I Recognize My Privilege, And You Should, Too
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Politics and Activism

I Recognize My Privilege, And You Should, Too

Stop being blind to the invisible system that you are a part of.

I Recognize My Privilege, And You Should, Too

I recognize my privilege. I grew up in a middle-class family in a safe neighborhood with loving parents who provided me with anything I ever needed. I went to a nationally ranked high school and received a top education. I have experienced the world through the lense of a blue-eyed, freckled girl that never was threatening enough to get a second look on the street. My face reads potential victim, rather than potential criminal. I got the luck of the draw on being born into a life where I never had to question if the color on my skin warranted a bullet ripping through it. I may never know what it’s like to be denied equality based on my skin color and ignorant assumptions that are a product of generations of oppression. I am privileged.

I have faced hardships in my life, just like every other person, but I have never been a victim of the systematic racism that plagues our country. I was born into a system that made it easier for my ancestors to receive jobs and make a comfortable living which was passed down, allowing me to exit the womb and enter a world that, for the most part, worked in my favor. I was born with a safety net, so if my family hits hardships, such as job loss, it is easier to pick up the pieces and continue on than for others. I was born to a middle class family, therefore we had the means to live in a nice school district and receive extra academic help, therefore I got a good education, therefore I got into a good college, therefore I will be prepared to enter the workforce and begin a, hopefully lucrative, career. A boy is born to a poor family. His parents work minimum wage jobs, therefore they must live in an area with subpar schools, therefore he doesn’t receive as good of an education and must spend time after class working to support his family instead of studying, therefore he doesn’t have the means to go to a university that will provide him with boundless opportunities, therefore he is condemned to a life that he never asked for. Privilege begets privilege begets privilege.

My point in writing this is not to speak on behalf of a community I am not a part of, nor feign knowledge of the complexities in the life experience of black Americans. I am proclaiming to be an ally and work to recognize that there is a problem, but one that has a solution if we are willing to work together. Tolerance is built upon the willingness to have an open and understanding conversation, not petty bickering in which one side has the audacity to deny suffering. The oppressors never see their behavior to be problematic if they are the ones benefitting.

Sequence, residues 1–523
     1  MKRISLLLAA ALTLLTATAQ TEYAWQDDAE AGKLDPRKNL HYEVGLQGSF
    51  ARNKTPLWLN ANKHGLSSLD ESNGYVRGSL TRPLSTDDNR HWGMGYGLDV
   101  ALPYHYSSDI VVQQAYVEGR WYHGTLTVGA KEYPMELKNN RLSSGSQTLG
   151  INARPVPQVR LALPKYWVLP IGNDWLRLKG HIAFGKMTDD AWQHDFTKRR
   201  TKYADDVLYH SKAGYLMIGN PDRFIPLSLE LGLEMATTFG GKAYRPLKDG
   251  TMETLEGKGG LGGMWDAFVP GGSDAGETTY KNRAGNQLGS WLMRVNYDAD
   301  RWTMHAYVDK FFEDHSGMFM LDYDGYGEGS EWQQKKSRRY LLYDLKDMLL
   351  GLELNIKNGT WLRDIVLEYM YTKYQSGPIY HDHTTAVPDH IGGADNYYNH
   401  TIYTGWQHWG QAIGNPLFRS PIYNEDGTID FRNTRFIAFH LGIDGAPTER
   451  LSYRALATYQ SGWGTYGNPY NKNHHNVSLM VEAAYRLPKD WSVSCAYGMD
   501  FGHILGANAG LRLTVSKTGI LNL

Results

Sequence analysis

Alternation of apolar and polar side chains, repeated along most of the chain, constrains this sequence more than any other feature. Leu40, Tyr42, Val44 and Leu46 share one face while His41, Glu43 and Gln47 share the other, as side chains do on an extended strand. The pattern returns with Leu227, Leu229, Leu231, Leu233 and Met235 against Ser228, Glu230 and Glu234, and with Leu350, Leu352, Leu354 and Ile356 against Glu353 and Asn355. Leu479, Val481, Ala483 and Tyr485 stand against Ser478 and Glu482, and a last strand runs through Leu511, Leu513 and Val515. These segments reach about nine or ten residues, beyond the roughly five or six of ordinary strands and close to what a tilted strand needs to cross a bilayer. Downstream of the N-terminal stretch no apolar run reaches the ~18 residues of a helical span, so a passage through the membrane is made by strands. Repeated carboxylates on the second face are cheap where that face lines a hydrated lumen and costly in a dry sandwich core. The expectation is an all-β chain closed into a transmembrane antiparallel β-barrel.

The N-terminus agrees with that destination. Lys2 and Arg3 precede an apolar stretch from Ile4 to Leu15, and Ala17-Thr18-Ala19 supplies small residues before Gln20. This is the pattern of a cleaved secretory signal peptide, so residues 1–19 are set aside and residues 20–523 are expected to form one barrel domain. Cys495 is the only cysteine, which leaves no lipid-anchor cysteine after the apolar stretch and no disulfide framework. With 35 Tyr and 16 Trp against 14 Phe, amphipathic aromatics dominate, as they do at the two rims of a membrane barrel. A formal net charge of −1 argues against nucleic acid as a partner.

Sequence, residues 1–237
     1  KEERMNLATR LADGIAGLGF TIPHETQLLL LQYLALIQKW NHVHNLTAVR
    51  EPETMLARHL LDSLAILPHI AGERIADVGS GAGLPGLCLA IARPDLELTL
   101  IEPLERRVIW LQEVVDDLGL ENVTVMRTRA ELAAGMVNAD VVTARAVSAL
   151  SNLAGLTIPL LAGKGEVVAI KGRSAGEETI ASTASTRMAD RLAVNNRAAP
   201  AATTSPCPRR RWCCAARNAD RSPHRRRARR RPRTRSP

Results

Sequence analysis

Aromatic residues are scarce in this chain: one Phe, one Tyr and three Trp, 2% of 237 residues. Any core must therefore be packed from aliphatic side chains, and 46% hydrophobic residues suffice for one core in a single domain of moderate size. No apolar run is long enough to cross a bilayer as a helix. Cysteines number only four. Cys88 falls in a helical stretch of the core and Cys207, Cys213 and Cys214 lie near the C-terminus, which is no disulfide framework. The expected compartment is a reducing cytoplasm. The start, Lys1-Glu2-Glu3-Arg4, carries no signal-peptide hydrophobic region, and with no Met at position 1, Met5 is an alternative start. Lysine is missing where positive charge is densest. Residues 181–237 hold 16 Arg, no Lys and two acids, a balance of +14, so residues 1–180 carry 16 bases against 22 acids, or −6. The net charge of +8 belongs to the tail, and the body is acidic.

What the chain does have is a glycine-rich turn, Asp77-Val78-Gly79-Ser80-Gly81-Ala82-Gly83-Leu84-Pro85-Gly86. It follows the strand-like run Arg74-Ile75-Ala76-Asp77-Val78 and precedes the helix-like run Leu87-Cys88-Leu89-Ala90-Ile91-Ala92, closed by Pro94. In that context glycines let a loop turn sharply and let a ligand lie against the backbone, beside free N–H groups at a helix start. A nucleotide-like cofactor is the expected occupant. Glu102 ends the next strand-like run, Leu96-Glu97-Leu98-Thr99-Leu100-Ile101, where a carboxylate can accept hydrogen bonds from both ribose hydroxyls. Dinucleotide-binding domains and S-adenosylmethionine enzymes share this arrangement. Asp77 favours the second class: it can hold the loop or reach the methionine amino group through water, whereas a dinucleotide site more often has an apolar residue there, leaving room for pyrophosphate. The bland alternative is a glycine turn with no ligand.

Pretending that race isn’t a fundamental part of your existence and claiming “colorblindness to skin” adds fuel to an already engulfing fire. When you say “you don’t see color,” you deny that racism is a real and relevant and toxic issue. You say that you are perfectly fine that a boy never gets to become a brilliant doctor or politician or humanitarian because of where he came from. You desperately try to erase the shameful history and deny that there is a group of people that have been oppressed for generations. Problems don’t fix themselves. In order to correct the gross injustice and inequality in our system, it is imperative that we recognize that some people are born with advantages, and realize that what makes someone “successful” may just be the product of cascaded opportunity. We must actively work to create an even playing field. Ignoring the problem does not make you noble or tolerant, it makes you a guilty bystander. Being a benefactor of white privilege and admitting it does not make you a racist, it makes you a conscious and active ally that can take action. Recognize that you were given advantages, and individuals that lacked may never reach the same level, no matter if they possess the same level of ambition or drive or intelligence. People are not born tabula rasa, they are thrust into a world designed for them to prosper or fail, forced to manipulate a system that has been in order for centuries.

Take a moment to look around. You have a stable life, comfort, and freedom from constant fear of irrational, life-threatening judgements. You are not carrying the weight of 250 years of racial oppression on your back. Let's help lighten the load for those who are.

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This article has not been reviewed by Odyssey HQ and solely reflects the ideas and opinions of the creator.
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